For Terps, first goal is better 2nd half

Maryland outscored after halftime in 3 of past 4 games

October 17, 2007|By Heather A. Dinich | Heather A. Dinich,Sun Reporter

COLLEGE PARK -- Maryland coach Ralph Friedgen, who spends countless hours tracking the tendencies of other teams, was at a loss yesterday to explain one of his own.

Maryland has outscored its opponents 50-16 in the first quarter this season but has had trouble putting away teams in the second half. The Terps have been outscored in the second half in three of the past four games.

"I don't know," Friedgen said. "I'd have to look at that and see. I think some of it is I think we get a lead and kind of relax. We lose our focus. I don't know. I can't really put my finger on that."

It's a trend Maryland (4-2, 1-1 Atlantic Coast Conference) is looking to reverse in the second half of the season, beginning at 8 p.m. Saturday in a homecoming game against Virginia (6-1, 3-0).

Maryland safety Christian Varner said part of it comes down to maturity.

"It's like a learned behavior," he said. "It's something you've got to go through before you don't want it to happen anymore. We've experienced these close games and these tough finishes, and in a good way it's kind of defining our character. It's pushing us to be better and knowing how to finish, but ... we've got to put the nail in the coffin and don't give teams that extra breath, that life again, a fumble or a return for a touchdown, interception, anything, because teams build off that, then they go in the locker room with momentum.

"Then they come out juiced up against us. Momentum, that's the biggest thing in football."

The Terps had a 16-0 first-quarter lead in a win against Florida International but didn't score again until the fourth quarter. Despite being held scoreless in the final period by Georgia Tech, Maryland escaped with a 28-26 win.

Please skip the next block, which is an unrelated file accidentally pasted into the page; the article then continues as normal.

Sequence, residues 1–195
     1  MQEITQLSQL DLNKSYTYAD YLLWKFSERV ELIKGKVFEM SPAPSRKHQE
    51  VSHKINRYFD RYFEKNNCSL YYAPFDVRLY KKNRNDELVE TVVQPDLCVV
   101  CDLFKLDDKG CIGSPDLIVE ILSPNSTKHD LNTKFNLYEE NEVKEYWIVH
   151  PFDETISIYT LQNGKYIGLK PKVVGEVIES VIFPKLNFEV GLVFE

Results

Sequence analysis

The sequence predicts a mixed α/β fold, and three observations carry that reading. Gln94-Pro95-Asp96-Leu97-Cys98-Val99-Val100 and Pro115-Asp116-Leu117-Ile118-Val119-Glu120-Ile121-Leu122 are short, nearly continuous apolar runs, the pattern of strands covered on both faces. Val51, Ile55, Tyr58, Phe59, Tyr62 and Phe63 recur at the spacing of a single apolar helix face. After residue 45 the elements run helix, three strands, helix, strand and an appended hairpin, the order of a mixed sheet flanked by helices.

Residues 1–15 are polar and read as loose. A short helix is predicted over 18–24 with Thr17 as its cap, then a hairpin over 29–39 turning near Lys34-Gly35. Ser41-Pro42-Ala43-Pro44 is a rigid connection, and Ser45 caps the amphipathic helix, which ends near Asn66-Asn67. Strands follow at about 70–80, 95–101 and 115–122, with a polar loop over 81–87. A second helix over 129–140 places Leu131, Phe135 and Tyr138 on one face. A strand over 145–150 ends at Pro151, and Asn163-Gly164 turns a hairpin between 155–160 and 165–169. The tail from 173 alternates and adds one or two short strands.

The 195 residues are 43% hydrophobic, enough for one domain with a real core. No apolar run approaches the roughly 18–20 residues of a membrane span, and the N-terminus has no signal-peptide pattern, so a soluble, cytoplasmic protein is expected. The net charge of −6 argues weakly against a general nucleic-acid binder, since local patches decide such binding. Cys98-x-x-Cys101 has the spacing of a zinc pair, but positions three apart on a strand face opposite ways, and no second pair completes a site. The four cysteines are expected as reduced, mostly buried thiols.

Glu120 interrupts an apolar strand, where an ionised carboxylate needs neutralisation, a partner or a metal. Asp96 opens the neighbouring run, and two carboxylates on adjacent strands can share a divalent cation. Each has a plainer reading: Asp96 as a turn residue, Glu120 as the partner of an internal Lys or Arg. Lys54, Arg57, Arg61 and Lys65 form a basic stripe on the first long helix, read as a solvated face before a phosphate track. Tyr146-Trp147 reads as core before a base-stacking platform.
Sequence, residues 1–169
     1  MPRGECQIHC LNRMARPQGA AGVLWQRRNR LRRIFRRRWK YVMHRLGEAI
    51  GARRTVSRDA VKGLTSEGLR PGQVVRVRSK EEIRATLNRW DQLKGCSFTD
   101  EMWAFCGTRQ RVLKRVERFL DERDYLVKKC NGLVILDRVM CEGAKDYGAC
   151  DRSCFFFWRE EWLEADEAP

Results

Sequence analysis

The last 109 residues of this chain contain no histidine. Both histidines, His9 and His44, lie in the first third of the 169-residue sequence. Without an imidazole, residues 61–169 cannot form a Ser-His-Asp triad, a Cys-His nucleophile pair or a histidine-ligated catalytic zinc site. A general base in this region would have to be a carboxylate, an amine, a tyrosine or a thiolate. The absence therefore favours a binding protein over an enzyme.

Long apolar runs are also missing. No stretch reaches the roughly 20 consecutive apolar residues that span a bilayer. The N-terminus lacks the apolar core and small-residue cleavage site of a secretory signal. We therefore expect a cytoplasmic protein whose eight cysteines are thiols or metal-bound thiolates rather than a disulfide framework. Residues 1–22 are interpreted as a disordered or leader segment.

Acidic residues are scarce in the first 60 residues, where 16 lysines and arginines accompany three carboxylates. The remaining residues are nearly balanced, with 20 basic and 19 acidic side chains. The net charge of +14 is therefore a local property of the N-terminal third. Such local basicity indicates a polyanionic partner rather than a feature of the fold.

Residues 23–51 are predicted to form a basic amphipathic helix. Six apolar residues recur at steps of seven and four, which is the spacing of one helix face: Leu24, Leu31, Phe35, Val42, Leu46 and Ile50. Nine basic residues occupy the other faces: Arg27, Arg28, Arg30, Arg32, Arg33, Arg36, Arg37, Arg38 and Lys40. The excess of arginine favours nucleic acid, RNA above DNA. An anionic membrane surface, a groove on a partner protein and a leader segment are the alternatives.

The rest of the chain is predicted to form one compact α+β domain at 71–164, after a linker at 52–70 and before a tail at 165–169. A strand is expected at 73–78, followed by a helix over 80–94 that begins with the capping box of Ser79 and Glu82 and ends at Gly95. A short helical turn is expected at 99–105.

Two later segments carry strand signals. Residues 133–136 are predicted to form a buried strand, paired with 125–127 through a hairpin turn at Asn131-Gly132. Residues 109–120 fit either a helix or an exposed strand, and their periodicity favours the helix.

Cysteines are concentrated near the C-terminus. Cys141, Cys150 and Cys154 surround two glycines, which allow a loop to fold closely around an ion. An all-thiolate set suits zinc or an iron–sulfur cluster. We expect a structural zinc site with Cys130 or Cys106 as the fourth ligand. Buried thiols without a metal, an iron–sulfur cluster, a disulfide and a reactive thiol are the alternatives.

The biggest meltdown in recent history came Sept. 22 at Wake Forest, when the Terps blew a 24-3 lead and lost, 31-24, in overtime. It was the largest lead Maryland had squandered in the past decade.

"I don't think they're getting outworked," Friedgen said. "The one thing that's helped us is the energy with which our kids have played. I think we got tired in the Wake Forest game. I put that on me, but I think after that, especially last week, I think our defense played 85 plays."

If that's what it takes to win, linebacker Dave Philistin said, he's "all for that."

"I don't want to say we wear out, but taking 83 snaps a game is probably not the best thing you want to do for your team or your defense," said Philistin, who had a career-high 21 tackles against Georgia Tech and has been nursing a shoulder injury since. "I'm not complaining, I just want to get the win."

Still, the past four opponents have combined to outscore Maryland by 20 points in the second half. Friedgen said he would like to see the offense be more consistent - something that might have been hard to do considering the recent change at quarterback. Chris Turner will be making his second career start Saturday in place of an injured Jordan Steffy, who still has not been cleared by the medical staff to play because of a concussion.

"We come out fired up, and I guess sometimes when you get that big of a lead, guys tend to relax," said Turner, who has completed 65.1 percent of his passes (28 of 43) for 437 yards, one touchdown and two interceptions in four games. "I don't want to speak for everyone, but it's definitely something we need to work on."

They're not the only ones.

The Cavaliers, in the midst of a six-game winning streak - their longest since 2002 - haven't had many convincing wins. They have outscored the opposition by an average of 4.3 points and have won three games by two points or fewer.

Maryland might have had its best second-half success last season against Virginia, overcoming a 20-0 first-half deficit and outscoring Virginia 21-6 in the fourth quarter for a 28-26 win.

"I'm sure they have a great desire to beat us after the way we won last year," Friedgen said. "I think that will be a factor in the game also."

Notes -- Running back Da'Rel Scott (ankle) is expected to play this weekend, along with offensive lineman Scott Burley (elbow), who practiced the past two days. Linebacker Erin Henderson (knee) still is not full speed and wore a noncontact jersey yesterday. Linebacker Rick Costa is still out with a concussion.heather.dinich@baltsun.com

Baltimore Sun Articles
|
|
|
Please note the green-lined linked article text has been applied commercially without any involvement from our newsroom editors, reporters or any other editorial staff.